Framer, the interactive design platform, scores $24M Series B led by Atomico – TechCrunch

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Framer, the Amsterdam-based startup behind interactive design platform Framer X, has raised $24 million in Series B investment. The round is led by European VC firm Atomico, with participation from Accel, and AngelList. The startup says it will use the new capital to continue building out its platform for designers and product teams. It brings the total raised to date by Framer to $33 million.

Founded by ex-Facebookers Koen Bok and Jorn van Dijk, Framer has set out to ride (and power) a trend that is seeing every company having to become a digital business and often a product-first company, as consumers become accustomed to high quality apps and other desirable digital experiences. This means that better tools are required to prototype news apps or features, and therefore help shorten the feedback loop and speed up the development process overall.

To that end, Framer X is described as a “fully integrated design, prototyping and developer handoff tool” that makes it easy to create app designs and prototypes that are as visually polished as a production app. Designs created in Framer X are powered by the React framework, and the platform enables a lot of off-the-shelf interactivity, rather than prototypes simply being static wireframes or designs with limited transitions or hotspots. You can also export front-end code for use in your production apps, should you so desire.

However, as explained during a video presentation by Bok and Dijk, what potentially sets Framer X apart from other competing app design and prototyping tools is that you can also import production components and assets into the software for re-use so that designers aren’t continually re-inventing the wheel. Via the “Framer X Store,” these React-based components can also come from and be shared by the wider developer community. Examples include video players (such as YouTube), live maps and data generators, to UI kits and interactive design systems.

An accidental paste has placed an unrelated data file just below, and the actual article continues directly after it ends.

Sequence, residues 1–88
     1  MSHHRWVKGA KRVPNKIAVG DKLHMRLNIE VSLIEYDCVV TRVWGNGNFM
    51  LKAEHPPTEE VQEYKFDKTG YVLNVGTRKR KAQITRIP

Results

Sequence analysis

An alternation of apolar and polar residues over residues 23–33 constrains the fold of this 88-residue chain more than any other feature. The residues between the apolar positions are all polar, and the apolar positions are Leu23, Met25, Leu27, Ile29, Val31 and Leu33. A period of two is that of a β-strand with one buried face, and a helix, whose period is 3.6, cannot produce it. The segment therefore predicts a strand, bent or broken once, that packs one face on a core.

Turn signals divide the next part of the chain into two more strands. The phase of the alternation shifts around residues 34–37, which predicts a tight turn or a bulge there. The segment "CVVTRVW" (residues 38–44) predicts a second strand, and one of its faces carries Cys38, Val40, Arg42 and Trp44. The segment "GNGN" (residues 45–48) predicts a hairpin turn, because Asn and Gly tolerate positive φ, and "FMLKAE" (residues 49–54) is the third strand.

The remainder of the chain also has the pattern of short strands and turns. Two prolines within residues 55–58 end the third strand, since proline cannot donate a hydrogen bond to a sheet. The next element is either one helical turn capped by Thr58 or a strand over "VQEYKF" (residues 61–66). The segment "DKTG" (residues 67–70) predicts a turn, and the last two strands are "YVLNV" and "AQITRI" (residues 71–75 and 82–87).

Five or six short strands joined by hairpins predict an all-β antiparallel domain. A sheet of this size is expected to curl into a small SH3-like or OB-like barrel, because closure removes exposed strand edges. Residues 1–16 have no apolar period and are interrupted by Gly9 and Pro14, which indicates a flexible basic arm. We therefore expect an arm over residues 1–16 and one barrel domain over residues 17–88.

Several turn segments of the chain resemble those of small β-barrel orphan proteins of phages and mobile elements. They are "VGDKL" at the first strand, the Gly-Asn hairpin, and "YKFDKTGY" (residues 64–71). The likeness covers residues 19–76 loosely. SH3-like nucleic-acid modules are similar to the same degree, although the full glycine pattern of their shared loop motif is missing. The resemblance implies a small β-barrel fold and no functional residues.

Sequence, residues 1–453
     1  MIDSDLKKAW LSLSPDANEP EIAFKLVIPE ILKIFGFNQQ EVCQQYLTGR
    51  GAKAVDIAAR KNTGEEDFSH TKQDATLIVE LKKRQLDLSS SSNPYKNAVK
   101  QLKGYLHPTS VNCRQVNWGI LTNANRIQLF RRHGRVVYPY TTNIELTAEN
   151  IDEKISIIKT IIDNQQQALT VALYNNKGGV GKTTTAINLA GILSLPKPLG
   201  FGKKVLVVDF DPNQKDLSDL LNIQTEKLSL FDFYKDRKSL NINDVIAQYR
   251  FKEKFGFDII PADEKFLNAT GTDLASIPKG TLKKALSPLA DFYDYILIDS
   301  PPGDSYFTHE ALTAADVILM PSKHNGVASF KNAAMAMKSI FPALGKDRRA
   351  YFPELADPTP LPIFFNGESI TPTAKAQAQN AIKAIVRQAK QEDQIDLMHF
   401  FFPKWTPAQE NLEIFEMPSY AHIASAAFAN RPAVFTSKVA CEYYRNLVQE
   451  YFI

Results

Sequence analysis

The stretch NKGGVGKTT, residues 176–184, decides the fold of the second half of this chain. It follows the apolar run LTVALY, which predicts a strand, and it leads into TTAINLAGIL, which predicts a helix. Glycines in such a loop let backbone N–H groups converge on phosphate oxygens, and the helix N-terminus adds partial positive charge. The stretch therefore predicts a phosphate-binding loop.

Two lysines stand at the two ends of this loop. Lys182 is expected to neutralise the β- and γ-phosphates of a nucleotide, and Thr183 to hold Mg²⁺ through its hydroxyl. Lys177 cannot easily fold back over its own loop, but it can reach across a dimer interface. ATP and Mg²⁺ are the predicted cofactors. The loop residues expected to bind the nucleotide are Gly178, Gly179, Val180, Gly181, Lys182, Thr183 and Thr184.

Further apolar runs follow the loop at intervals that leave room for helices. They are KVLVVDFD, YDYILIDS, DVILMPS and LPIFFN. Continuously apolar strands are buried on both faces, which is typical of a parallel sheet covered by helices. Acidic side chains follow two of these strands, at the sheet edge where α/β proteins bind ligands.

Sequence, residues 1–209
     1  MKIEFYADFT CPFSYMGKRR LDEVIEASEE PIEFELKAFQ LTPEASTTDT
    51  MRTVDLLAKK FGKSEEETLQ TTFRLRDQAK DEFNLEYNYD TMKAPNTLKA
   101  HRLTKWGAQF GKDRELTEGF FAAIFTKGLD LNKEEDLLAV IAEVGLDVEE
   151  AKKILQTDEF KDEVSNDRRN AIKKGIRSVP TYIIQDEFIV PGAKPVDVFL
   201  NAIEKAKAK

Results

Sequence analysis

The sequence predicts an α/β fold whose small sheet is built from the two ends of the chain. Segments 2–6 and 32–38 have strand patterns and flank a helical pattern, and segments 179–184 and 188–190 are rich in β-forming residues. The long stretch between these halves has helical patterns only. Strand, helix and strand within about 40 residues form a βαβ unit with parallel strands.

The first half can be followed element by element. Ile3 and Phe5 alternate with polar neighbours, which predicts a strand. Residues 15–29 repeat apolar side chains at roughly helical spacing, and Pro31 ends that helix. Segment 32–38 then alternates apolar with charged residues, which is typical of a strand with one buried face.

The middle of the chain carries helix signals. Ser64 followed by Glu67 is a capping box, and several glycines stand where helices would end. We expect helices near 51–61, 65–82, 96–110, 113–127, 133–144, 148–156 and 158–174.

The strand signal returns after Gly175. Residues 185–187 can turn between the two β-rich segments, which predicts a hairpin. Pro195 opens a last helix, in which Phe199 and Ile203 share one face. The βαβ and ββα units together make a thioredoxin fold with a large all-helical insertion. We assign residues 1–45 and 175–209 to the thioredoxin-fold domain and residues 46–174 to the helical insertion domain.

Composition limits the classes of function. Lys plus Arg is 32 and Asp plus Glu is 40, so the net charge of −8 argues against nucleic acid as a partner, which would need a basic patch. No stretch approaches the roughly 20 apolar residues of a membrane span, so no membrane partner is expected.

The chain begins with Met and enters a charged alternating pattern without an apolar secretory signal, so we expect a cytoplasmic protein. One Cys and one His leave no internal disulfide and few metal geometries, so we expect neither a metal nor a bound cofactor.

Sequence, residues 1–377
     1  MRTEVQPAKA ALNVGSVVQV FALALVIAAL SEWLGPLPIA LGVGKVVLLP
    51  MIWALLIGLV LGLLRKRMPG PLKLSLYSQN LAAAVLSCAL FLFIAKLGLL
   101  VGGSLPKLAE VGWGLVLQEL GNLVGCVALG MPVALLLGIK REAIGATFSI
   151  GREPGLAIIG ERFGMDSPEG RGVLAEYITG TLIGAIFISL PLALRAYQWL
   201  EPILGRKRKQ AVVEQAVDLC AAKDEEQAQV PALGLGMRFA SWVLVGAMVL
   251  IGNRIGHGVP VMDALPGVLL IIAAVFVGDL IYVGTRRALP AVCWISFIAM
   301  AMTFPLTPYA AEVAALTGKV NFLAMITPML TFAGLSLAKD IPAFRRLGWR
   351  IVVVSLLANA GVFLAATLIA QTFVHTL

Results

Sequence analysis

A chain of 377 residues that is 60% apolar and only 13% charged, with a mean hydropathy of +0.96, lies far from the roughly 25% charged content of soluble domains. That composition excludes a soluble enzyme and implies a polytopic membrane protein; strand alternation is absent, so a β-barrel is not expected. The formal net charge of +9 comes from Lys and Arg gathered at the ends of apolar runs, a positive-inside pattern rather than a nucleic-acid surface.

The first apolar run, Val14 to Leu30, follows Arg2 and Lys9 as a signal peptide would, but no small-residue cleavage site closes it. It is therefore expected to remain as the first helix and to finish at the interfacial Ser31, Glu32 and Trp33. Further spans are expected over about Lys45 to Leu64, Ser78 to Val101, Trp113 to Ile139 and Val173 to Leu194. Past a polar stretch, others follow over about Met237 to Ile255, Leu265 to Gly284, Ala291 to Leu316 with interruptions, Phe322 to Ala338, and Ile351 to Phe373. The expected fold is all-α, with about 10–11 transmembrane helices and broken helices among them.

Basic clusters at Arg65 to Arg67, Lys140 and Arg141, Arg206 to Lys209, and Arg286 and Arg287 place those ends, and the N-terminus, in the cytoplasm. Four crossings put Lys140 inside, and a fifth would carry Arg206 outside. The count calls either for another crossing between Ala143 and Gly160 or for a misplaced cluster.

This means that Framer is attempting to be a platform play in the true sense of the word, while in turn the Framer X Store is a clever way of creating network effects. Tech brands that have their own developer ecosystems (and are in part “API businesses”) can make components and visual assets available in the store to further lower the barriers for third-party app developers who want to build integrations.

Related to this, the company is announcing the beta launch of a private design store for teams on Framer X. The Team Store enables members of teams at the same company to collaborate and share brand assets, design components, and more, so as to allow for internal interactive design systems to also live within the Framer platform.

Cue a statement from Atomico Partner Hiro Tamura, who led on behalf of the London-based venture capital firm: “The world’s best digital products, like Google, Facebook, Dropbox, Twitter and Snap, are designed and built by teams. Those teams are already using Framer X. We are excited about partnering with Koen, Jorn and the Framer team to help make that level of digital product excellence and innovation accessible to any company in any traditional industry, from financial services to retail and beyond.”

Meanwhile, the Framer founding back story is worth noting. Bok and Dijk previously founded app and design studio Sofa, which they sold to Facebook in 2011. As part of the deal they relocated to Facebook’s headquarters in the U.S., and worked on various products, reporting directly to Facebook founder Mark Zuckerberg. However, seeing an opportunity to help more companies transition to becoming digital-first and product-led, the pair left to found Framer in 2014.



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